MONEY MAGAZINE Real Estate: Value Added

Home security for less

With the economy down, burglary is up. But you can get solid protection at a reasonable price.

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By Josh Garskof, Money Magazine contributing writer

josh_garskof_2009a.03.jpg
Josh Garskof, Money Magazine contributing writer
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(Money Magazine) -- The combination of a deep recession and widespread law-enforcement funding cuts will most likely spell a banner summer for burglars. If your house makes a good target - it's upscale, off the beaten path, and in or near a city - an alarm system is your best defense, according to Temple University economics professor Simon Hakim, who studies security and policing. Installing one will reduce your risk of a break-in by two-thirds. To determine what you really need, follow the guidelines below.

Don't overequip

A top-shelf security system that includes a detector on every door and two on every window could set you back thousands. But unless you have Picassos hanging on your walls, it isn't necessary, says Stan Martin, executive director of the Security Industry Alarm Coalition, a trade association dedicated to reducing false alarms.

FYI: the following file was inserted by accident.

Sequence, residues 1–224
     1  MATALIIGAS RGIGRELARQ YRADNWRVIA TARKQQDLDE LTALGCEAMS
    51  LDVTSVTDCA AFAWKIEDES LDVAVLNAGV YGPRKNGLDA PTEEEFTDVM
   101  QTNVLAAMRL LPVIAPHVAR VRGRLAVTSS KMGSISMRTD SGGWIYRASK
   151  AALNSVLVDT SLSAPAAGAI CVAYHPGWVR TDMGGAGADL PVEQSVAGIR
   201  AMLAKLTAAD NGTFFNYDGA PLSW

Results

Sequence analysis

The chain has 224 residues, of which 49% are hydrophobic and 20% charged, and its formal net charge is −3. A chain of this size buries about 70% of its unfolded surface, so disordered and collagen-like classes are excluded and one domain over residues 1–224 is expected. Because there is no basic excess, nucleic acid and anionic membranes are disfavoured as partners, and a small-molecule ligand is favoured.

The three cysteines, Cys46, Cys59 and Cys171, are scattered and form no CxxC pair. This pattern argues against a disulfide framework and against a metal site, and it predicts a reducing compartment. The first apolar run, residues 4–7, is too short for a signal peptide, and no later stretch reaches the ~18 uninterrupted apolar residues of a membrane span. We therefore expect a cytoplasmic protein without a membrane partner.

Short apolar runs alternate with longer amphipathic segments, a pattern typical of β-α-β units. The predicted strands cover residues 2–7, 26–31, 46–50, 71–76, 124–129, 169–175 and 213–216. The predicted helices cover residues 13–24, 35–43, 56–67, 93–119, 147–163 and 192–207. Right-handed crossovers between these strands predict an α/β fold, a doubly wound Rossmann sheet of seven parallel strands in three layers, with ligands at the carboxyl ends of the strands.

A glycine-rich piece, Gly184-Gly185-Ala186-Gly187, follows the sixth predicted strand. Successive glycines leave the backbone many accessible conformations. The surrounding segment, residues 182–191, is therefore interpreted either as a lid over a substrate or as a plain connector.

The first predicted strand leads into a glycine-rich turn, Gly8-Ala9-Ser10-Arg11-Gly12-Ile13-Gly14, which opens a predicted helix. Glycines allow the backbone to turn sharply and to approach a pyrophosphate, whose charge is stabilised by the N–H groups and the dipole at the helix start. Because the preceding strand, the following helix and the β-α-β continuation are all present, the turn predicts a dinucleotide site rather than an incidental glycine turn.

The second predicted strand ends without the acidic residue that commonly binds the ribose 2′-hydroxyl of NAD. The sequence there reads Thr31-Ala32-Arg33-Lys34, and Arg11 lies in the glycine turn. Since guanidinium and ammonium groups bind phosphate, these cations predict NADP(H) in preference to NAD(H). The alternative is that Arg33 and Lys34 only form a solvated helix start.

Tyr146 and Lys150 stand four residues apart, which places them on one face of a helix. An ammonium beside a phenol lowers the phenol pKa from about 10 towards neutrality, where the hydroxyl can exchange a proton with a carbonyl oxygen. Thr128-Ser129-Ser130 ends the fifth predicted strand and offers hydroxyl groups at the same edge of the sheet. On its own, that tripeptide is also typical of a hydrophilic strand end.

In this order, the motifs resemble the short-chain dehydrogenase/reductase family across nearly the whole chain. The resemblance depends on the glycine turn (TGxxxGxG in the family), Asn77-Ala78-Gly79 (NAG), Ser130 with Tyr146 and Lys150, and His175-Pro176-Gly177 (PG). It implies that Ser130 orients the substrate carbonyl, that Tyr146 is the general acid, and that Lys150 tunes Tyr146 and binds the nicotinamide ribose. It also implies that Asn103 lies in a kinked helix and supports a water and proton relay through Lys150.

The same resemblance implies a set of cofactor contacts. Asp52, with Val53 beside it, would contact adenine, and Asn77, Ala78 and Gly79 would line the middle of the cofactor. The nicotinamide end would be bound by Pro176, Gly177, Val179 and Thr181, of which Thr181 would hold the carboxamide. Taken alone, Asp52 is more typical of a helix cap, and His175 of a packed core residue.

For the most part, a basic package that secures all exterior doors and includes a handful of well-placed motion detectors will stop the average thief. Also get smoke, carbon monoxide, and flood-alert devices (about $250 each), which operate even when the burglar alarm is disarmed.

Vet the companies

Alarm installers will drill holes in your walls and woodwork - and will know how to bypass your security system - so you need them to be honest as well as skilled. Collect referrals from friends, neighbors, and trusted tradesmen, and verify that the companies are members of the National Burglar and Fire Alarm Association.

Compare long-term costs

Get price quotes from at least three companies. A basic system should cost $1,500 to $2,000, says Martin. You'll also need a monitoring service, which will send the cops to your door when an alarm is tripped. Monitoring ranges from $20 to $50 a month, plus $10 to $30 more if you get cellular backup, which ensures a distress signal will come through even if your phone line is cut. Since alarm companies make the bulk of their profit from monitoring, some offer discounted or free installation of a basic system when you sign a contract.

Consider a few extras

Make sure to get keypads with digital readouts (about $100) that clearly identify which detector has tripped, so that you and the monitoring center know immediately if the problem is carbon monoxide or an open dining room window.

If you have plaster walls, consider wireless detectors, which require no drilling or snaking of lines (the cost is about the same as for the standard models - and battery replacement comes at no extra charge). And if you have or would ever get a dog or cat, ask for pet-immune motion detectors (an extra $50 to $100 each).

Of course, a canine can make a pretty good alarm of its own, with no battery replacement necessary. Just daily walks - and a treat every time he barks at a passerby.  To top of page

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